Europe and Canada said Sunday they would close their airspace to Russian airlines after Russia’s invasion of Ukraine, raising the pressure on the United States to do the same.
“We are shutting down the EU airspace for Russians,” said European Commission President Ursula von der Leyen.
Canada’s transport minister, Omar Alghabra, said his nation was closing its airspace to all Russian planes to hold the country accountable for an unprovoked attack on its neighbor.
The European Union action came after many of its member countries had said they were barring Russian planes or planned to do so by Sunday night.
Belgian Prime Minister Alexander De Croo tweeted that European skies are “open for those who connect people, not for those who seek to brutally aggress.”
“There is no room in Dutch airspace for a regime that applies unnecessary and brutal violence,” Mark Harbers, the Netherlands’ minister of infrastructure and waterworks, said on Twitter.
A handful of European nations including Spain, Greece and Turkey had resisted closing their airspace before von der Leyen’s announcement.
Robert Mann, an aviation consultant in New York, said the moves by the European Union and Canada would put added pressure on the U.S. to also bar Russian flights.
“It is difficult to understand why we are last to move, both operationally and financially,” he said.
Russia has responded by banning flights from several European countries. Russian airline S7 suspended flights to Europe. On Sunday afternoon U.S. time, a Moscow-New York flight by Russian national carrier Aeroflot turned back after passing over Norway, according to flight-tracking services. The plane had been routed to fly over Canada.
Growing tension between Russia and western nations over Russia’s invasion of Ukraine have so far had a modest impact on airlines, which are trying to recover from huge losses since the start of the COVID-19 pandemic.
Airlines in the U.S. and Europe are expecting to pack planes with transatlantic vacationers this summer. Helane Becker, an airline analyst for Cowen, said Friday that she continued to expect strong travel demand from the U.S. to western Europe, but travel to eastern Europe “will be curtailed until there is some resolution or some assurance it won’t spread to other countries.”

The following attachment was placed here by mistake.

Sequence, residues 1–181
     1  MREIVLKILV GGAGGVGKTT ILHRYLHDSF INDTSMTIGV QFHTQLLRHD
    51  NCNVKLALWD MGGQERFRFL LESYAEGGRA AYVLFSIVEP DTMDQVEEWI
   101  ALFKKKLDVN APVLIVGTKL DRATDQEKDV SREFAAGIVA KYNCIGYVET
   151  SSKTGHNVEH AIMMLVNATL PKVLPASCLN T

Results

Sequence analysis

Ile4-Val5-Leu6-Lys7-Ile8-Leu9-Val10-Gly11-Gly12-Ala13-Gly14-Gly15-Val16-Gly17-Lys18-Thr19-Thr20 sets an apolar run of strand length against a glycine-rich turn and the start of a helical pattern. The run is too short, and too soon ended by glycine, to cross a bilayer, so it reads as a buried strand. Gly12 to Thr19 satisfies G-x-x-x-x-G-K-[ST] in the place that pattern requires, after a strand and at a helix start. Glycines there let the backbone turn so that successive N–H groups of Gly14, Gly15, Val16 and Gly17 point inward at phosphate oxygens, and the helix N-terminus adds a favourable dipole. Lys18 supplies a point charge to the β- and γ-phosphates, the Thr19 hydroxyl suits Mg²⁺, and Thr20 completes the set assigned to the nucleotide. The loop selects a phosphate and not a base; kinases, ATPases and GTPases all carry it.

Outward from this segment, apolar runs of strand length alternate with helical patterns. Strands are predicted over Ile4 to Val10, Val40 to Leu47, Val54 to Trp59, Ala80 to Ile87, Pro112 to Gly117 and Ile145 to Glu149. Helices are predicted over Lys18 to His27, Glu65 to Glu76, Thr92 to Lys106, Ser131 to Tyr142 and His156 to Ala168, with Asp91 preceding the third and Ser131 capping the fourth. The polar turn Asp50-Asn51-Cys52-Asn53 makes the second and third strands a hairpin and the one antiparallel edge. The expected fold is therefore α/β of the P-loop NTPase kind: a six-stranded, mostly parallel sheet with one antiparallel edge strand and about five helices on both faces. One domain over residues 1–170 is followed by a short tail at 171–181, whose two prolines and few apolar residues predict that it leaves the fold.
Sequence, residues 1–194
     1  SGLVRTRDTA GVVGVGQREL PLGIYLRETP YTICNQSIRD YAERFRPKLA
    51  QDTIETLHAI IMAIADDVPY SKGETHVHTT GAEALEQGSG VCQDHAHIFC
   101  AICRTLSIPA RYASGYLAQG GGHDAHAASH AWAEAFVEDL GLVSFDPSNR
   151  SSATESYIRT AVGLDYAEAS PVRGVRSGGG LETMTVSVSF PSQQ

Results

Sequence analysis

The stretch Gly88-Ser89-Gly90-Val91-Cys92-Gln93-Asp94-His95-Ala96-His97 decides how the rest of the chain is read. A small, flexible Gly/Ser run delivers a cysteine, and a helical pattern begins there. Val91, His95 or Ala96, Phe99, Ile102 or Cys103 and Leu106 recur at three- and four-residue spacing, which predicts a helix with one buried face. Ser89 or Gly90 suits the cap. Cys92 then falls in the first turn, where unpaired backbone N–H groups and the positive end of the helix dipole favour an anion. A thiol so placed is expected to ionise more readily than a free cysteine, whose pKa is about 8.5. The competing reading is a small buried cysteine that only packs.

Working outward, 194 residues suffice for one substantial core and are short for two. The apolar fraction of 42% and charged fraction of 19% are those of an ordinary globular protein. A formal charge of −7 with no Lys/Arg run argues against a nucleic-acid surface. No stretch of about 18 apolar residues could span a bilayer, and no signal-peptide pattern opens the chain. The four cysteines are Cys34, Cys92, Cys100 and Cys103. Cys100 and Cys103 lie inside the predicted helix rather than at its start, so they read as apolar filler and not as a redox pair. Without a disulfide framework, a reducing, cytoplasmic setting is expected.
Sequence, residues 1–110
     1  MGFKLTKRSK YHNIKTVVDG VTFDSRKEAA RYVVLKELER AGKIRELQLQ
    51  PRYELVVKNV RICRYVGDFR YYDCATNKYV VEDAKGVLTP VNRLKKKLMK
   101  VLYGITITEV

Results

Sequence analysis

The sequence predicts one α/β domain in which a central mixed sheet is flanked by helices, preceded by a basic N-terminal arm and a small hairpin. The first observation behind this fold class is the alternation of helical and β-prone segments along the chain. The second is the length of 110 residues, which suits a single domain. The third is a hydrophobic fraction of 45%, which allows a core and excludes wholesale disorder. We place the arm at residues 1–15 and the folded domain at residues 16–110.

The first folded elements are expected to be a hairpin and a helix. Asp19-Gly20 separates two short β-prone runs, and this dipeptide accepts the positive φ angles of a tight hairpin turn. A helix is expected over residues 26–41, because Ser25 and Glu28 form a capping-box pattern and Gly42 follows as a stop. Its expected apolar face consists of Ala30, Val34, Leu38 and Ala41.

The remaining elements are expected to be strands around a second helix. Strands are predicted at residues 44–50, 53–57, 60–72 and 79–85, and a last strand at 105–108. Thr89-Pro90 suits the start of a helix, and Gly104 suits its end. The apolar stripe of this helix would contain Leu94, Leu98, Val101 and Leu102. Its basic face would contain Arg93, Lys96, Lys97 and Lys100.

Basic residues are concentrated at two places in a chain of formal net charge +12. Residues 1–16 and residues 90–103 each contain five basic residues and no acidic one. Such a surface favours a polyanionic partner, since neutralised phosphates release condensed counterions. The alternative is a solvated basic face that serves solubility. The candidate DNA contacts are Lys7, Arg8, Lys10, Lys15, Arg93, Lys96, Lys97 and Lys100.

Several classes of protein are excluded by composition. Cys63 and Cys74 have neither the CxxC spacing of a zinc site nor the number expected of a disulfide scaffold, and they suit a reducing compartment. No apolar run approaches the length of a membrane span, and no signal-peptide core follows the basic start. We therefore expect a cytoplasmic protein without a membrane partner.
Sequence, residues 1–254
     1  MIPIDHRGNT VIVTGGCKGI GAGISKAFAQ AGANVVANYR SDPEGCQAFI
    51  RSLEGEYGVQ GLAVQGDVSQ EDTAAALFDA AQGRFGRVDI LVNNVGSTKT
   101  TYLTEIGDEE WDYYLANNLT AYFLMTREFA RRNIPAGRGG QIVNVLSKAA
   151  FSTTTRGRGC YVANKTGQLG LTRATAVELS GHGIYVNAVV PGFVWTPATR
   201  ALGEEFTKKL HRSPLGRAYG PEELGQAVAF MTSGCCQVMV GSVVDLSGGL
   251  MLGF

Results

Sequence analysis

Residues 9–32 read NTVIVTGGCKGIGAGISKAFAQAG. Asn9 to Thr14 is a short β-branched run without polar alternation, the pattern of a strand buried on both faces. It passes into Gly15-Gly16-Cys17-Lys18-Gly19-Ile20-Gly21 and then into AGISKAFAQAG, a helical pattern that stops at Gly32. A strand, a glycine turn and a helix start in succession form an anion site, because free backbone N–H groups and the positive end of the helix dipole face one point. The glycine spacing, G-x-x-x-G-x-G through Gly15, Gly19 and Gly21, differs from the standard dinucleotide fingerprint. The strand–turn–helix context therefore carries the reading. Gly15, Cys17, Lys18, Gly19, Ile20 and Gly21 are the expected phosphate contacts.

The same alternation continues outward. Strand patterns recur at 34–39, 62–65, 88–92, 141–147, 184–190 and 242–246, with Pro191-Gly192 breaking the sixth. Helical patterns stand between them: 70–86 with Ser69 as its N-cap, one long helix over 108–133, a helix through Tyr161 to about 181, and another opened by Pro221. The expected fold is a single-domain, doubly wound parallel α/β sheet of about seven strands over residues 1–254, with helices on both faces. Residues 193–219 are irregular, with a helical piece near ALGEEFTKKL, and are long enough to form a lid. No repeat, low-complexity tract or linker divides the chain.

The global tension is already costing some airlines more money to reroute flights. An American Airlines flight from Delhi to New York has been stopping in Bangor, Maine, to refuel because its new route, skirting to the south of Russia, is longer.
Ian Petchenik, a spokesman for tracking service Flightradar 24, said “dozens” of cargo flights from Anchorage, Alaska, that would ordinarily pass over eastern Russia were being rerouted. “They will take a fuel penalty,” he said.
Mann, the aviation consultant, estimated that passenger flights forced to reroute could add between $4,000 and $12,000 per hour in costs, depending on the size of the plane and the price of fuel.
“Some routings will simply become uneconomic or impractical,” he said.
Cargo carrier FedEx said Sunday it has temporarily suspended flights to Russia. The company said in a statement that it continued to provide service inside Russia and between Russia and other countries “where conditions allow.”
Last week, shortly after Russia’s invasion, Delta Air Lines suspended a partnership with Aeroflot in which the airlines sold seats on each other’s flights.
Associated Press writer Lorne Cook in Brussels contributed to this report.
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